3. Who's Allergy Risk and Why?
Allergies can develop at any age, possibly even in the womb. They usually occur in children but may cause symptoms for the first time in adulthood. Asthma may persist in adults while nasal allergies tend to diminish in old age.
Why, might you ask, some people are sensitive (sensitive) to specific allergens were most insensitive? Why are people allergic produce more IgE than those not allergic? It seems the main factor that distinguishes it is hereditary. For some time, it has been known that allergic conditions tend to be grouped / clustered within families. Your own risk to develop allergies associated with a history of allergies from your parents. If none of your parents are allergic, the chance you get allergies is about 15%. If the parents are allergic, your risk increases to 30% and if both are allergic, your risk is greater than 60%.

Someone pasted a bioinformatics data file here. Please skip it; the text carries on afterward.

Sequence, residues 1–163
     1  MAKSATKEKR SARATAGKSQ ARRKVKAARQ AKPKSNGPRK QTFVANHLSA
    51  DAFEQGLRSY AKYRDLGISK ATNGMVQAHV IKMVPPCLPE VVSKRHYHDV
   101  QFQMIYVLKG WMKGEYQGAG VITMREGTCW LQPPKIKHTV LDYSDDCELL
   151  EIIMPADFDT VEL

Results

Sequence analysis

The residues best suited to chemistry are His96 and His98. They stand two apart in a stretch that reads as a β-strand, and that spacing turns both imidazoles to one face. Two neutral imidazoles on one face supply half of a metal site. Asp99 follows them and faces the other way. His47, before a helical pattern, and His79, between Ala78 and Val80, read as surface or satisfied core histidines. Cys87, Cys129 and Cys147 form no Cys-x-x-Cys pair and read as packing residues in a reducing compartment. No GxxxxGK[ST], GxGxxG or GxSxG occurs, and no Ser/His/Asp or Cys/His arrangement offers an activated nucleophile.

Although you may inherit a tendency to develop allergies, you may in reality have not had any symptoms. You are also not supposed to inherit the same allergies or the same diseases as your parents. It remains unclear what determines what ingredients that trigger reactions in people with allergies. Moreover, diseases which may develop or how severity of symptoms that may occur, is unknown.
Another major piece of the allergy puzzle is the environment. It is clear that you have to have a genetic tendency and exposure to allergens that develop allergies. In addition, more intense and over and over and over exposure to the allergen and occurs early in life, the more likely an allergy will develop.
There are other important influences that may conspire to cause allergic conditions. Some of these include smoking, pollution, infection, and hormones.